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There is no shortage of “David” statues in Florence, but if you want to see the real thing—the one that inspired all the copies—you've got to go to the Galleria dell'Accademia, or Accademia Gallery. It was custom built to showcase Michelangelo's masterpiece, and it does so beautifully.
Michelangelo's “David” was carved from 1501 to 1504 and originally stood at the entrance of the Palazzo Vecchio on the Piazza della Signoria. Not long after the statue was unveiled, a particularly rowdy fight taking place in the Palazzo led to a chair getting thrown out of a window—directly onto the David's arm, which broke in three places. The statue was moved to its present home in 1873 to further protect it from damage, and a replica was placed outside the Palazzo Vecchio in the spot where the original first stood.
The marble Michelangelo was given to work with for this statue was imperfect and had already been partly carved by his predecessor.
If you want to catch those iconic, sweeping views of Florence you've seen in postcards, head to Piazzale Michelangelo. From an elevated position overlooking the city, the fabulous views take in the city's fortified walls, the River Arno, the tower of the Palazzo Vecchio and, of course, the round red dome of the Duomo.
During the day, drink in the views as you stroll along the Renaissance promenade, overlooked by yet another copy of Michelangelo's David. Return in the evening for magical views of Florence floodlit at night.
The Uffizi Gallery houses the world’s most important collection of Florentine art, so unless you have Skip the Line tickets you’ll need to get ready to queue! The collection traces the rich history of Florentine art, from its 11th-century beginnings to Botticelli and the flowering of Renaissance art. At its heart is the private Medici collection, bequeathed to the city in the 18th century.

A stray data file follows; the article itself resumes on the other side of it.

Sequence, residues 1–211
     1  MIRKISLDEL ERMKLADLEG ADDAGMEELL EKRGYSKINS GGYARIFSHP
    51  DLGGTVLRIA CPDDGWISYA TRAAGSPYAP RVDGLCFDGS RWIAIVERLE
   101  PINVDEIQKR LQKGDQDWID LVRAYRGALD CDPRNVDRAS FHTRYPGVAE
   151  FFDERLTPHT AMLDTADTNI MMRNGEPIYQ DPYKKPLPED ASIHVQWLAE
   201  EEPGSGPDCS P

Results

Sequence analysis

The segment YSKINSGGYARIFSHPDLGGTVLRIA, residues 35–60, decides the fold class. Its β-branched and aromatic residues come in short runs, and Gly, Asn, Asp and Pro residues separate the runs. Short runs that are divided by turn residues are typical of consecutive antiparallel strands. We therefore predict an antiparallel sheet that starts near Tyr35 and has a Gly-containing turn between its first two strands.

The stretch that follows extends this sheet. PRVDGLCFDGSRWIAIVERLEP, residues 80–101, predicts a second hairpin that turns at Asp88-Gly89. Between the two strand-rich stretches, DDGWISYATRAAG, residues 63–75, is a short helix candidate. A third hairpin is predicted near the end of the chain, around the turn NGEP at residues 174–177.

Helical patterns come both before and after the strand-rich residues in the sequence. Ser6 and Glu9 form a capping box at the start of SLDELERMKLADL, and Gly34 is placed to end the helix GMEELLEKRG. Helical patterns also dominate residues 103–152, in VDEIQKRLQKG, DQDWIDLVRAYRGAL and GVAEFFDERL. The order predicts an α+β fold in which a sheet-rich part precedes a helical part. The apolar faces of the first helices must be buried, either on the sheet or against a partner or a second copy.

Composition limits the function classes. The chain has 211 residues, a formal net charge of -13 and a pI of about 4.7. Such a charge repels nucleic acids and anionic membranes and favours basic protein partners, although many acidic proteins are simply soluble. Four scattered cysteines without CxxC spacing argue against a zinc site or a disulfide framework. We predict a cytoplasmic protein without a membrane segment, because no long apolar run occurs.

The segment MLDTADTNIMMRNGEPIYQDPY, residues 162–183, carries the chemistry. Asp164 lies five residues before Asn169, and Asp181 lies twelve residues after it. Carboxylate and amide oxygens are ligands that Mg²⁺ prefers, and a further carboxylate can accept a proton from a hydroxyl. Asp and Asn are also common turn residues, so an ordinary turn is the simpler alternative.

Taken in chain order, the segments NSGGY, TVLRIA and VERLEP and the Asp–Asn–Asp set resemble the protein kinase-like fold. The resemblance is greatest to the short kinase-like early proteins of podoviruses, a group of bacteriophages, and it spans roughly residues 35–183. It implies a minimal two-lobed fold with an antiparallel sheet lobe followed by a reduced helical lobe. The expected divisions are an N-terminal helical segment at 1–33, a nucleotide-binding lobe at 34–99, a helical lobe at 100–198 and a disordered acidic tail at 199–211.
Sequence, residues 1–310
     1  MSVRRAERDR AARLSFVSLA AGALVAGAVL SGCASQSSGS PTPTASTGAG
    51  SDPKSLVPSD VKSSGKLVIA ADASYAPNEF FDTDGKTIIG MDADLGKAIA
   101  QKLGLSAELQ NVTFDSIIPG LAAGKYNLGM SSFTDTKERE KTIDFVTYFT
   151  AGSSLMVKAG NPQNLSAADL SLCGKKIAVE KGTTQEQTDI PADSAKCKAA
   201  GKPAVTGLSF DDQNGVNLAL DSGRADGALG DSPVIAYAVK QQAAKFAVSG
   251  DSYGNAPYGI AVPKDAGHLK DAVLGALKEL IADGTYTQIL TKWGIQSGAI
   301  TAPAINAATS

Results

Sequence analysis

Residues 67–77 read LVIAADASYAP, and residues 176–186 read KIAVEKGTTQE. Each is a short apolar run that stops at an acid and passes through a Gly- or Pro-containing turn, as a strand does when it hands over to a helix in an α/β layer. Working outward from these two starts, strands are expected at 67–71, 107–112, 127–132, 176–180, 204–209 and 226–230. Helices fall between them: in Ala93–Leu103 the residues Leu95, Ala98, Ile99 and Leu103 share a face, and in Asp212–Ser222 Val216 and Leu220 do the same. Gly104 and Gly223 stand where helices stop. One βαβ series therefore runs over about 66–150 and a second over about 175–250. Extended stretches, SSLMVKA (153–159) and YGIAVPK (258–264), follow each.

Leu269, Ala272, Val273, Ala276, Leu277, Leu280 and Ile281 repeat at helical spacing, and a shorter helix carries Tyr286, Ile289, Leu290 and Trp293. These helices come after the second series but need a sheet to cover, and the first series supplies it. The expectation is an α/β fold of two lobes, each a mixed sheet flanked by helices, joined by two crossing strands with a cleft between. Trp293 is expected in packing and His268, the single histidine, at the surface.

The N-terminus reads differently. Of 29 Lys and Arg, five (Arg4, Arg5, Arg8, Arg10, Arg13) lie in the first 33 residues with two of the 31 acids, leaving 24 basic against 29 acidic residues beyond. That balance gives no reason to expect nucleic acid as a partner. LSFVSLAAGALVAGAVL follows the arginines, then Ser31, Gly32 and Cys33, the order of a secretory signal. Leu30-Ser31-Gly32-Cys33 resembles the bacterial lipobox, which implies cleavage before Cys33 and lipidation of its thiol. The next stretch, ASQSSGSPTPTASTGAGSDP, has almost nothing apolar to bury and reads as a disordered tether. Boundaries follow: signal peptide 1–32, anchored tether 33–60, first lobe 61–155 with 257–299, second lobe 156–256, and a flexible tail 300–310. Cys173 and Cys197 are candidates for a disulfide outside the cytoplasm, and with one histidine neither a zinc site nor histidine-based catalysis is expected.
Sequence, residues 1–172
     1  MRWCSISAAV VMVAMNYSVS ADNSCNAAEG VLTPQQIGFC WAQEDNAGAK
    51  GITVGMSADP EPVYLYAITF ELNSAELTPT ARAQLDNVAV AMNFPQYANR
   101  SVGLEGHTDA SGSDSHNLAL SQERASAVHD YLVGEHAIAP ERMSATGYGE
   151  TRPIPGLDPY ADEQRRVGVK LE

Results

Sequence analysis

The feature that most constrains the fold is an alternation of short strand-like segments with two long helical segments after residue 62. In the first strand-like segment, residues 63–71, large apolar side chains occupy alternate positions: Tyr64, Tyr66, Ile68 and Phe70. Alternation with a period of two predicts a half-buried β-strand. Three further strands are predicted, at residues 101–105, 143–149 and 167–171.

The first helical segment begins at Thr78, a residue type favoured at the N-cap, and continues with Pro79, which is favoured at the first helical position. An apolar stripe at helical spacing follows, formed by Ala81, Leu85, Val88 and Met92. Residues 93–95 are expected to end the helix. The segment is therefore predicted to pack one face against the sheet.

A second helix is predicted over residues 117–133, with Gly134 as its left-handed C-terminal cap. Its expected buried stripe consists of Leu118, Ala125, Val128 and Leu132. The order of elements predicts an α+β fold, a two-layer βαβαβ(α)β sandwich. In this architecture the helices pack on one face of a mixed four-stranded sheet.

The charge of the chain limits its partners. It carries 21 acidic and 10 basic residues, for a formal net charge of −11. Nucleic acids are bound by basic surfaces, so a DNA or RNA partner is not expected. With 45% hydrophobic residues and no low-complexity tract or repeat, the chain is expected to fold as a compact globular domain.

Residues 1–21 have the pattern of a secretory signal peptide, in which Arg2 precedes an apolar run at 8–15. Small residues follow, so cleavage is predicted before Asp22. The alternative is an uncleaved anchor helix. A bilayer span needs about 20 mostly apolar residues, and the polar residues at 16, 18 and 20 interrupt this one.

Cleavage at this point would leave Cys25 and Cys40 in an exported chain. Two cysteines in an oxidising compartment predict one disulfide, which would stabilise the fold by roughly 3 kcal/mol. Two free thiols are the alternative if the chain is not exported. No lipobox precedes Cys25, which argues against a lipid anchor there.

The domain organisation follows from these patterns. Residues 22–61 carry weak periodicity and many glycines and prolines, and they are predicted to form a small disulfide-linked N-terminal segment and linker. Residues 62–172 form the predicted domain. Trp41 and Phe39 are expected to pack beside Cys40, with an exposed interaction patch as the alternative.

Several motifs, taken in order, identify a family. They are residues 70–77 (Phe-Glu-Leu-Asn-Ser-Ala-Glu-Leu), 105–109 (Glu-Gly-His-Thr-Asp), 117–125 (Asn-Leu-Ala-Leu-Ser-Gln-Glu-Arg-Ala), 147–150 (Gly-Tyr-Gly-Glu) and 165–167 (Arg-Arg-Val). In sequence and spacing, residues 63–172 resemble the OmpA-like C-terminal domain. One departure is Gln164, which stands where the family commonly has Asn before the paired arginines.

You'll catch glimpses of the red-tiled dome of the Duomo, or Cathedral of Santa Maria dei Fiori, peeping over the rooftops as soon as you arrive in Florence.
The 13th-century Sienese architect Arnolfo di Cambio was responsible for building many landmarks in Florence but this is his showstopper. The beautiful ribbed dome was creatively added by Brunelleschi in the 1420s.
The building took 170 years to complete, and the facade was remodeled to reflect Cambio’s design in the 19th century.
Inside the Duomo, your eyes are inevitably drawn upwards to that soaring painted dome and lovely stained-glass windows by such masters as Donatello. Visit the crypt, where Brunelleschi's tomb lies, or to the top of the enormous dome itself for stupendous views over Florence.
The ancient Ponte Vecchio bridge is as much a symbol of Florence as the red dome of the Duomo. Ponte Vecchio means old bridge, and indeed it dates back to the 14th century.
The three-arched bridge is picturesquely lined with several stories of jewelry shops and market stalls. It’s one of the most popular places in Florence for taking a stroll or just hanging out, and the decorative central arches are picture-perfect spots for snapping photos of Florence.
Running across the top of the Ponte Vecchio is part of the famous Vasari Corridor, built for the ruling Medicis by the Renaissance painter and designer Vasari. The private enclosed walkway leads from the Palazzo Vecchio and Uffizi Museum, across the top of the bridge to the Pitti Palace on the other side of the river.
Florence’s spacious Piazza della Signoria has long been one of the city’s main meeting points. The Palazzo Vecchio, which anchors one side of the square, was once home to the rulers of the Florentine Republic, and today still serves as the city’s town hall. This square, then, was often used by those seeking favor (or protesting) their government.